## Shaping Up! Identifying Real World 2D Shapes

1-2-3 Come Do Some 2D Shape Activities With Me

Most of my Y5s don’t have any problem learning to identify the 2D shapes, however, when I ask them to find an example of that shape in the “real world” many of them have difficulty, particularly with the "toughies" like a hexagon.

I even had one little guy think that in order to be a "real" hexagon, that shaped item  had to be yellow because our hexagon pattern block pieces were that color! Sadly, none of my students could think of a "real world" example of a hexagon either.

Simply "regurgitating" vocabulary when you hold up a colorful paper shape, does not mean your students can point to a kleenex box or ruler and identify it as having a rectangular shape.

With that startling revelation in mind, I knew that I needed some "hands on" things to emerse them in. One idea to get the pentagon and hexagon shapes into their heads, was to toss a soccer ball to them.  Easy-peasy for me, super fun for them.

Both those shapes are on the ball, so wherever one of their thumbs landed when they caught it, they identified that shape.  A bonus for us, was that "catching and tossing an object" is one of our report card standards. Since we were learning 3D shapes as well, I also had my kiddos say "Sphere!" when they caught the soccer ball. Listen carefully, as some of my students were saying "spear".

Since children really enjoy centers as an interesting way to practice, I designed some quick, easy and fun “I Spy!” 2D Shape Wheels.

I use the full color patterns as independent centers, and have the wheels do double duty, when I need a unique assessment tool. My students can't wait for their turn to show me what they know.

Because it's such a successful activity, I've also included a photo-poster of the soccer ball in both the hexagon & pentagon packets.

Depending on the shape and available clip art,  there are  2 - 4 INSIDE wheel options, featuring 12 - 24, different images of 2D-shaped things that children will easily recognize.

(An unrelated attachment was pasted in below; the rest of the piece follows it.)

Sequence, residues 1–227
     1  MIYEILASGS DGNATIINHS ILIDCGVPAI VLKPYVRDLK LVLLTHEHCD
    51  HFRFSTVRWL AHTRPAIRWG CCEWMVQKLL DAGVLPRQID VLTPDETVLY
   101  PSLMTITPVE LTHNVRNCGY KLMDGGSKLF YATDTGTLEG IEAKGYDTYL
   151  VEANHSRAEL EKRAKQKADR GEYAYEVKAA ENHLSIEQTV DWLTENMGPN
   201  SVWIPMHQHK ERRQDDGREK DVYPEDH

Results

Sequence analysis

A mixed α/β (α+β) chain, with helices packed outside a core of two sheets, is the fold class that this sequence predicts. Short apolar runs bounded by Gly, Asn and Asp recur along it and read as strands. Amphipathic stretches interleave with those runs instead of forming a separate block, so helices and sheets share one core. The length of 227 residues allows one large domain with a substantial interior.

There are 4, OUTSIDE pattern options for all of the shapes as well.

Since these are shapes in the "real world" one features a global map of the world: "When you're out and about -- and see a hexagon, give a little shout!"; another "wheel cover" depicts the shape being identified: "Hexagons here; hexagons there; I see hexagons everywhere!" while the final option is an "I spy hexagons!" cover, featuring a boy or girl detective.

I’ve also included black & white templates, so that students can make their own “turn & learn” wheel, further practicing this standard

Choose your favorite, or give children an option.  You could also pick one type for your center, and have children choose from the other options to make their own.  If they are like my students they'll be excited.

After everyone has completed their wheel, have students pick a partner and take turns identifying the name of the shape and an example.

Make a wheel or two in class, or send home as a super-fun alternative, to a worksheet for homework.

I've made a wheel craftivity for the following 2D shapes: circle, oval, triangle, square, rectangle, hexagon, pentagon & octagon.

They are sold individually for just \$1.95, or save 40% and buy the bundle, then laminate a set and keep in your math center for years of fun.

Since the end of the school year will be here before you know it, today's featured FREEBIE is a little poem that I had fun revamping; it's entitled: "A-B-C Ya!"